Jenson Button has called on Formula 1 "to take risks" and experiment with new ideas over the early part of the 2020 season.
F1 has unveiled an eight-race European start to the campaign, with all events behind closed doors, and for the first time back-to-back grands prix at the same circuit, with Austria's Red Bull Ring and Silverstone hosting double-headers.
Button feels those races represent the ideal opportunity for F1 to try something different - although reverse-grid qualifying races on a Saturday have been vetoed by Mercedes.
"Mixing it up a little bit is great for the sport, so let's hope something fun like that happens," said the 2009 F1 champion, speaking on Virgin Radio.
"It's definitely the time to take risks, and if it does go wrong, it goes wrong, and you go back to the old system.
"But I think it's a great idea to take those risks right now, come out of the gates, throw it at the fans and put a smile on their faces.
"And then in a couple of years' time we've got the new regulations, which is good, a budget cut mainly, which is going to hurt the bigger teams and hopefully bring the smaller teams up to the bigger teams and we'll have more competition.
"That is going to be fantastic, and I'm sure the bigger teams don't like that because why would they? But the smaller teams need it to succeed, and the sport needs it for those smaller teams to succeed."
Button, who is also a pundit for Sky Sports, has revealed the level of testing that will be in place for when he attends grands prix, starting with the new season-opener on July 5.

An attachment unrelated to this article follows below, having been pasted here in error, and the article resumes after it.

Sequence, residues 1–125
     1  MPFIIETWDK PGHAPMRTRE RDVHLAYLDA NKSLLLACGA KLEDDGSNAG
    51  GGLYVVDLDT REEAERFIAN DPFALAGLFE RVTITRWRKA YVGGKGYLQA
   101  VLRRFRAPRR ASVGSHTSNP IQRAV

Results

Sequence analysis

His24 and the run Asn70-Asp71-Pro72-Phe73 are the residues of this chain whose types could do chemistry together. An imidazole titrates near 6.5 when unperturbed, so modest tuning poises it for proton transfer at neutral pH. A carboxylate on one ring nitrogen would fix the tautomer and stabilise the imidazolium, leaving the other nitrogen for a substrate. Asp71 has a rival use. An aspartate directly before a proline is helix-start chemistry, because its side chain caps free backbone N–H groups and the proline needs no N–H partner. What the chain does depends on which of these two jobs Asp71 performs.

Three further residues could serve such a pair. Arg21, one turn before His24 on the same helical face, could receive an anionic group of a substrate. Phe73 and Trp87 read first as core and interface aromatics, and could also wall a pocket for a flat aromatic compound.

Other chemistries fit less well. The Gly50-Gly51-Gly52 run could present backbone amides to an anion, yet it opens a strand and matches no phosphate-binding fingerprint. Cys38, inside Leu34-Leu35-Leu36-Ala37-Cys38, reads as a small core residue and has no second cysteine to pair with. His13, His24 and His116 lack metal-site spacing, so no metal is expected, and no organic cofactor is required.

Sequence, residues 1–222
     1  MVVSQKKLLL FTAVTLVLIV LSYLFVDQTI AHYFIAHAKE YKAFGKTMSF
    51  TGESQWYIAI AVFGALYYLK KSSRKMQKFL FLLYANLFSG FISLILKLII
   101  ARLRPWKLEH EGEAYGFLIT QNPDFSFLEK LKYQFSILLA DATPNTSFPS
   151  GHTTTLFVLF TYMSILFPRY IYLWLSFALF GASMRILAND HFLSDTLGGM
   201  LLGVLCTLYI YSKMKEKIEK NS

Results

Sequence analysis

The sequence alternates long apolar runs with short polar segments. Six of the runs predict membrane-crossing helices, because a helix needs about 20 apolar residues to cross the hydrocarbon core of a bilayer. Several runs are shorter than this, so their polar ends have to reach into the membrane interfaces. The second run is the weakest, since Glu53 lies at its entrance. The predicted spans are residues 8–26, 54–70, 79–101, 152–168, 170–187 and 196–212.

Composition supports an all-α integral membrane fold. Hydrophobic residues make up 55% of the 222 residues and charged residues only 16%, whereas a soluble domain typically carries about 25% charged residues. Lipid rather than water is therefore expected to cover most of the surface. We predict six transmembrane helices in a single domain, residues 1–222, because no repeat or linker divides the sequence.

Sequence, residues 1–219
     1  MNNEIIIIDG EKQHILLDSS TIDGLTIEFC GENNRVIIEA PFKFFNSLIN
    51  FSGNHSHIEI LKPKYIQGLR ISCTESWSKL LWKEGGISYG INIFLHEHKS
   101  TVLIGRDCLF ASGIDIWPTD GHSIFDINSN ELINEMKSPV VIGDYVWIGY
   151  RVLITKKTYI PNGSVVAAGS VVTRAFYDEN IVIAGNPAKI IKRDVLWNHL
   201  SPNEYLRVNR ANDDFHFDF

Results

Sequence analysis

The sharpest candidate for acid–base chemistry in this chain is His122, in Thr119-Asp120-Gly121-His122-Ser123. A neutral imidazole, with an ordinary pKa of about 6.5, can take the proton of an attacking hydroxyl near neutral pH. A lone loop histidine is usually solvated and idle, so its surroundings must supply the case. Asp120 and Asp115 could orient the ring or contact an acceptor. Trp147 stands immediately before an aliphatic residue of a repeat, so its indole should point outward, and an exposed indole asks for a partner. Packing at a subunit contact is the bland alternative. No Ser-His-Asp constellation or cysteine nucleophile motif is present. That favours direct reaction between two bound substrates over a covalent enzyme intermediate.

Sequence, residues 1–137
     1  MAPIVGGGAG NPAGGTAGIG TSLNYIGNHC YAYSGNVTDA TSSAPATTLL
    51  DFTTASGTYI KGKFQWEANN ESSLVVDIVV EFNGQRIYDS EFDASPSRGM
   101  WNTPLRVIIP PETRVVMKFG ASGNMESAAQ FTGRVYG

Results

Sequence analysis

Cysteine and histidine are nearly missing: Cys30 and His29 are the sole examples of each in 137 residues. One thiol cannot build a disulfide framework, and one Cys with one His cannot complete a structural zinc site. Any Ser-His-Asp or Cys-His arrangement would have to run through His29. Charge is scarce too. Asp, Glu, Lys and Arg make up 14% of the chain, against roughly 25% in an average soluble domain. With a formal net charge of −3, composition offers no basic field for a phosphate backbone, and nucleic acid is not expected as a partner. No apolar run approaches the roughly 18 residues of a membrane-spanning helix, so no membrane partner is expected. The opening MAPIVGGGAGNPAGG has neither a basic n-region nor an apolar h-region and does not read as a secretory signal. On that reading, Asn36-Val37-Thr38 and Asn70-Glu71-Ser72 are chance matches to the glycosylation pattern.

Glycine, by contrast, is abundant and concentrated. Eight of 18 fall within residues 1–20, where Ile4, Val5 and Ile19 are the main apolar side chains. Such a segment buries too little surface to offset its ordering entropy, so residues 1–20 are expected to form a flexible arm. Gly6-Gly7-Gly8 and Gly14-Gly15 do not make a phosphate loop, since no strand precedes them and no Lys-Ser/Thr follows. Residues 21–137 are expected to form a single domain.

Although there is likely to be up to 2,000 people on site for a race, Button added: "Just in case people are wondering - because there are so many people in the paddock - 'well, this isn't correct, so many people being together'.
"But we get checked before we travel, when we arrive, and we're not allowed in the circuit until they get the results, and then every two days they check us again, so it's non-stop checking. We're being very safe."
While the empty grandstands will provide a sad backdrop to racing, the 40-year-old feels it will not have an impact on the drivers once they pull the visor down.
"Racing is starting again, which is fantastic," said Button. "It's going to be interesting. When the drivers are actually racing, they will forget about the grandstands being empty and they'll put on a great show for us.
"I'm really looking forward to it. I think everyone is really excited to get back to racing - I think everyone is excited about seeing live sport on TV."
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